Alamo Stadium

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Not to be confused with Alamodome.
Alamo Stadium
The Rock Pile
Location 110 Tuleta Dr
San Antonio, Texas 78212
Owner San Antonio Independent School District
Operator San Antonio Independent School District
Capacity 18,500 (since renovation works in 2011)[1]
Surface NexTurf
Construction cost $500,000
Architect Phelps & Dewees & Simmons, A.I.A.
Structural engineer W.E. Simpson Co.

1947 Alamo Bowl (NCAA)
San Antonio Wings (WFL) (1975)
San Antonio Thunder (NASL) (1976)
San Antonio Gunslingers (USFL) (1984–1985)
San Antonio Riders (WFAL) (1991)
San Antonio Matadors (SFL) (2000)
Corinthians FC of San Antonio (NPSL) (2015–present)[2]

Alamo Stadium and Gymnasium
Alamo stadium entry 2011.jpg
Alamo Stadium is located in Texas
Alamo Stadium
Coordinates 29°27′45.95″N 98°28′44.51″W / 29.4627639°N 98.4790306°W / 29.4627639; -98.4790306Coordinates: 29°27′45.95″N 98°28′44.51″W / 29.4627639°N 98.4790306°W / 29.4627639; -98.4790306
Built 1940
NRHP Reference # 11000651
Added to NRHP September 8, 2011

Alamo Stadium is a horseshoe-shaped football and soccer stadium in Monte Vista, San Antonio, Texas, USA. Nicknamed "the rock pile" due to its primarily limestone construction it was completed in September 1940 as a Works Progress Administration project. The stadium is currently owned and operated by the San Antonio Independent School District as a high school football and soccer facility. It has a seating capacity of 18,500,[3] making it the 3rd largest high school stadium in the state of Texas.[4][5]

Soccer club Corinthians FC of San Antonio are tenants.


Early years[edit]

Initially proposed by SAISD trustees in May 1939, the stadium was constructed on the site of an abandoned rock quarry at a total cost of just under $500,000. The majority of funding was provided by the federal Works Progress Administration (project 65-1-66-30), with approximately $110,000 coming from district revenue bonds.[6][7]

24,000 people were in attendance for the stadium's opening celebration, a high school football doubleheader.[8] Corpus Christi defeated Jefferson in the first game 14-0. Brackenridge defeated (Houston) Reagan 19-2 in the second.

Modern day[edit]

The stadium is currently used by the high schools of the SAISD, including Brackenridge, Burbank, Edison, Fox Tech, Highlands, Sam Houston, Jefferson, and Lanier High Schools for mainly high school football games. It is also home to track meets hosted by SAISD, also home to the Region IV-4A & Region IV-5A track meets which occur in late April or early May. The Battle of the Bands is held there annually during Fiesta.

The site was added to the National Register of Historic Places on September 8, 2011.


In November 2010, San Antonio voters approved a $515 million bond which included $35 million for renovation of the stadium. Proposed updates include new bathrooms, plumbing, seating and repairs.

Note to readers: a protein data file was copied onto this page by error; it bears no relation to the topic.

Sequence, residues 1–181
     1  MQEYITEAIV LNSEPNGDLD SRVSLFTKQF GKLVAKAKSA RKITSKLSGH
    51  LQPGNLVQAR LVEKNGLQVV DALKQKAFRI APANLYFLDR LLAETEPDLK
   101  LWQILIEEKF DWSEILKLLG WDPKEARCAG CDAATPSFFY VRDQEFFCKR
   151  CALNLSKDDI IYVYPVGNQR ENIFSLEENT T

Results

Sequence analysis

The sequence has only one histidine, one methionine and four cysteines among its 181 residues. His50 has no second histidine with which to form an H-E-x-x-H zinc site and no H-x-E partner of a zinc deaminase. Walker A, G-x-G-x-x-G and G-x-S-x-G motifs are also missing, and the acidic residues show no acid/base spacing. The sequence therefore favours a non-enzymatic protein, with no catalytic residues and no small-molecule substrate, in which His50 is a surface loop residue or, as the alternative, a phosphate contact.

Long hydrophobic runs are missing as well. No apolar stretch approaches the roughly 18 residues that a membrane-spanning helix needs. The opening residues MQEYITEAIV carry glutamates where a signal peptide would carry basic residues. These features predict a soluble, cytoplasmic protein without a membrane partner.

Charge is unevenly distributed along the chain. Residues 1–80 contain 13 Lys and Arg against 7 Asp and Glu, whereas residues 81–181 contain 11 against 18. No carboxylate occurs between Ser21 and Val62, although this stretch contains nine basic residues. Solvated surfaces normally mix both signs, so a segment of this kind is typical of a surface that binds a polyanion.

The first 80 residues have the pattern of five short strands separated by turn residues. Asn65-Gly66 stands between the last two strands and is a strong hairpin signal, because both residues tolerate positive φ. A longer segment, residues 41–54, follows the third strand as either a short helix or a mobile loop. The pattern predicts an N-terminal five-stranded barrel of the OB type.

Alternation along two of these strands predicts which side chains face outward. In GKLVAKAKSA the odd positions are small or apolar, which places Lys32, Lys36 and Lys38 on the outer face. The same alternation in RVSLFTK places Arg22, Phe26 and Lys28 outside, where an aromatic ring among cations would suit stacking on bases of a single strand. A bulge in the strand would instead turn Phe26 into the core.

In January 2011, San Antonio Spurs owner SS&E expressed an interest in bringing a professional soccer team to San Antonio, possibly playing in Alamo Stadium.

Stadium usage[edit]

High School football[edit]

The stadium has been home to numerous high school games, including the Chili Bowl, an annual football game between Fox Tech and Lanier High Schools. It regularly sold out, and was consistently one of the highest attended regular season football games in Texas, averaging about 23,000 spectators. After the 2009 season, the Fox Tech football team was disbanded, ending the series.

In 2002, the stadium hosted the U.S. Army All-American Bowl.[9]

College football[edit]

Alamo Stadium has also hosted college football games. When the stadium opened in 1940, two college football games were held at the newly constructed stadium, Texas A&M's defeat of Tulsa, 41-6, on Oct. 5, and Baylor's defeat of Villanova, 7-0, two weeks later on Oct. 19. The stadium was host to the Texas A&M – Texas Tech football rivalry for 8 consecutive games from 1943 through 1950. It was also the home of the first bowl game held in San Antonio, the 1947 Alamo Bowl between Hardin-Simmons and Denver University. The game was a financial failure and a postseason bowl game would not return to San Antonio until the modern incarnation of the Alamo Bowl that began in 1993 and has since been held at the Alamodome.

Professional football[edit]

The stadium has been home to several professional football teams, including the San Antonio Wings of the WFL in 1975, the San Antonio Gunslingers of the USFL from 1984–1985, the San Antonio Riders of the WLAF in 1991, and the San Antonio Matadors of the Spring Football League in 2000.


Alamo Stadium was the home of the San Antonio Thunder for 1976, their second of only two years in the city. The team was a member of the North American Soccer League and moved to Hawaii for the 1977 season.


External links[edit]